In the recent decision of Sha & Cham , the Full Court of the Family Court of Australia considered an appeal by the Appellant Husband (who we will call Mr B) and the Respondent De Facto Wife (who we will call Ms C).
The appeal arose from the first instance decision of His Honour Judge Johnston in proceedings before the Family Court of Australia. In those proceedings Ms C bought an application seeking injunctive orders and enforcement of a s90UC Binding Financial Agreement, more commonly referred to as a prenuptial agreement which She and Mr B had entered during the course of their relationship.
Judge Johnston found that the parties were in a de facto relationship. As such, Ms C was successful in the Family Court.
Mr B married Mrs B.
Mr B meets Ms C in a massage parlour and they commence a sexual relationship that evening.
Mr B continues to live and be married to Mrs B.
Mr B meets with Ms C and they discuss having a baby together and Mr B begins making monthly payments to Ms C for her mortgage and other expenses.
The prenuptial agreement (s90UC Binding Financial Agreement)
The parties entered into a prenuptial agreement, formally known as a Binding Financial Agreement which provided that the Mr B would:
1. Pay Ms C 50% of the value of his matrimonial home within 2 years of the birth of their child; and
2. Pay $400 per week (with a 10% increase each year) for the child’s living costs and any reasonable expenses for the child until the child turned 18.
Ms C became pregnant via IVF and gave birth to the parties’ daughter.
Mr B and Mrs B separated and Mr B transferred his half of his matrimonial home to Ms B by way of property settlement. Mr B and Mrs B divorced.
Mr B and Mrs C’s relationship began deteriorating. Ms C signed the Separation Certificate, a pre-requisite of the terms of the prenuptial agreement coming into effect. Ms C commenced proceedings seeking injunctive orders and enforcement of the prenuptial agreement between her and Mr B.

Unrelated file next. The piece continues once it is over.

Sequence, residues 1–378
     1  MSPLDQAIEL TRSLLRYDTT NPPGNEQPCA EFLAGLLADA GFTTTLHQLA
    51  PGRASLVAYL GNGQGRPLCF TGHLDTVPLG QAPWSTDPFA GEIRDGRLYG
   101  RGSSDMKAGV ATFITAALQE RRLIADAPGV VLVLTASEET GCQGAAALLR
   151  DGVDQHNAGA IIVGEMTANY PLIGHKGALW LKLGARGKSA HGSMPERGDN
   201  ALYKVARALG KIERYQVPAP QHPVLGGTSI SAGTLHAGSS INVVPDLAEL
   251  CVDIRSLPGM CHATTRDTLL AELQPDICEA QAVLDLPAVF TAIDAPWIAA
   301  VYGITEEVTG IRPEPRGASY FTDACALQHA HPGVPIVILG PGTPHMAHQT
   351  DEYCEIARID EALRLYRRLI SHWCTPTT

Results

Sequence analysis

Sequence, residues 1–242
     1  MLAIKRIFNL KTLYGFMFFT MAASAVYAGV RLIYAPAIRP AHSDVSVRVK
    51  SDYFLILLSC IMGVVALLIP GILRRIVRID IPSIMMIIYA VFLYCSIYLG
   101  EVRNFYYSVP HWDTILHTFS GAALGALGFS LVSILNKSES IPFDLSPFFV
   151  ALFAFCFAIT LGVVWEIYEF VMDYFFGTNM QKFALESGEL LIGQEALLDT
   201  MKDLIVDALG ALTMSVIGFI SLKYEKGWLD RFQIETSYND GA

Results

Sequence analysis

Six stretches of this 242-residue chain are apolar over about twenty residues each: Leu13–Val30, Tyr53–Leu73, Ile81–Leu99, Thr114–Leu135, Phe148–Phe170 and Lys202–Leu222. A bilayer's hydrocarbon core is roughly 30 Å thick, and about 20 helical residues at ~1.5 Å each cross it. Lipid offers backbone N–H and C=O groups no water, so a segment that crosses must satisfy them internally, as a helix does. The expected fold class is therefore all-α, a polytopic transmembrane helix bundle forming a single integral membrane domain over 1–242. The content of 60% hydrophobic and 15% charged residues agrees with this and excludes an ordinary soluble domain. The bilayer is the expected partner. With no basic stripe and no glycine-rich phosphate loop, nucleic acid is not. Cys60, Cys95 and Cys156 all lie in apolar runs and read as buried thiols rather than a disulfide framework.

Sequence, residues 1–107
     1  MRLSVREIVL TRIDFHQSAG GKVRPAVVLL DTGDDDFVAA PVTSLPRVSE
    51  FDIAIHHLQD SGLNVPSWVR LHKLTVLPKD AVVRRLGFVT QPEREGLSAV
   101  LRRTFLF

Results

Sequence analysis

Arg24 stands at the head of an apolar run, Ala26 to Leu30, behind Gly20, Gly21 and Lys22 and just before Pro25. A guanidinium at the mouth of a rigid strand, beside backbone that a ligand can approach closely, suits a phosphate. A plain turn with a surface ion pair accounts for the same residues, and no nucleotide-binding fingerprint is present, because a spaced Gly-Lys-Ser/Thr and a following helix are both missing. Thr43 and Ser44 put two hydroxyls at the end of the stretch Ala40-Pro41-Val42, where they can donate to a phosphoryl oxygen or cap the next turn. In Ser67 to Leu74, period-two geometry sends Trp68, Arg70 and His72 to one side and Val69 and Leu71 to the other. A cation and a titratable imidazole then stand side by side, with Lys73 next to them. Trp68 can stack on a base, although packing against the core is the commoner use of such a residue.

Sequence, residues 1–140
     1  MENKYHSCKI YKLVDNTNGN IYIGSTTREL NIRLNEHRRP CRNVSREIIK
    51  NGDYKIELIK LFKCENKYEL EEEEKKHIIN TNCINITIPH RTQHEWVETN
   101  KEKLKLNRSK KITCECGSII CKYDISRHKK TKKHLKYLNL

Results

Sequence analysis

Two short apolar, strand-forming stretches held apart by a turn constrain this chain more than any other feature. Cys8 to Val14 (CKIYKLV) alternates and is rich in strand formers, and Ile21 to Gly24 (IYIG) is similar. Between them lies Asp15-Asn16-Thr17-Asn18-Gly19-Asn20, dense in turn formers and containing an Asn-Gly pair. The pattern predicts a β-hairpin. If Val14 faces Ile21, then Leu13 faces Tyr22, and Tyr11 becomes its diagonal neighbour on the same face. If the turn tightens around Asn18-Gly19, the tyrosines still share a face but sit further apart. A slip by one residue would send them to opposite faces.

The Family Court found that the Court had jurisdiction to hear the application on the basis that a de facto relationship existed between the parties.
There were two grounds pressed at the hearing of the Appeal:
- That His Honour erred in finding that the parties shared a ‘common residence’ at Ms Cham’s home for ‘relatively confined periods of time’; and
- That His Honour erred in finding that the parties were in a de facto relationship at the time of entering into the BFA.
The Court held that a de facto relationship had been established in circumstances where:
- Mrs C had, upon Mr B’s request, given upon her employment as sex worker in a massage parlour so as to:
- Further their relationship; and
- Receive IVF treatment with a view to becoming pregnant with Mr B’s baby.
- Mr B spent time with Mrs C overnight but did not live with her on a full-time basis, as he was still married and living with Mrs B.
The Full Court allowed the appeal but only to the extent of substitute the words regarding the period of the de facto relationship. Instead of a de facto relationship being “during the period from approximately mid-March 2012 until approximately September 2013”, the Full Court upheld the prenuptial agreement on the basis that a de facto relationship had existed as at the date of entering into the prenuptial agreement, that is “as at 3 August 2012”.
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Family law situations can be complex and sometimes they can involve serious issues. Information outlined is proposed to provide general guidance only. Due to the seriousness of legal matters as well as the uniqueness of your individual situation, professional advice should be sought. For advice, please contact one of our Family Lawyers.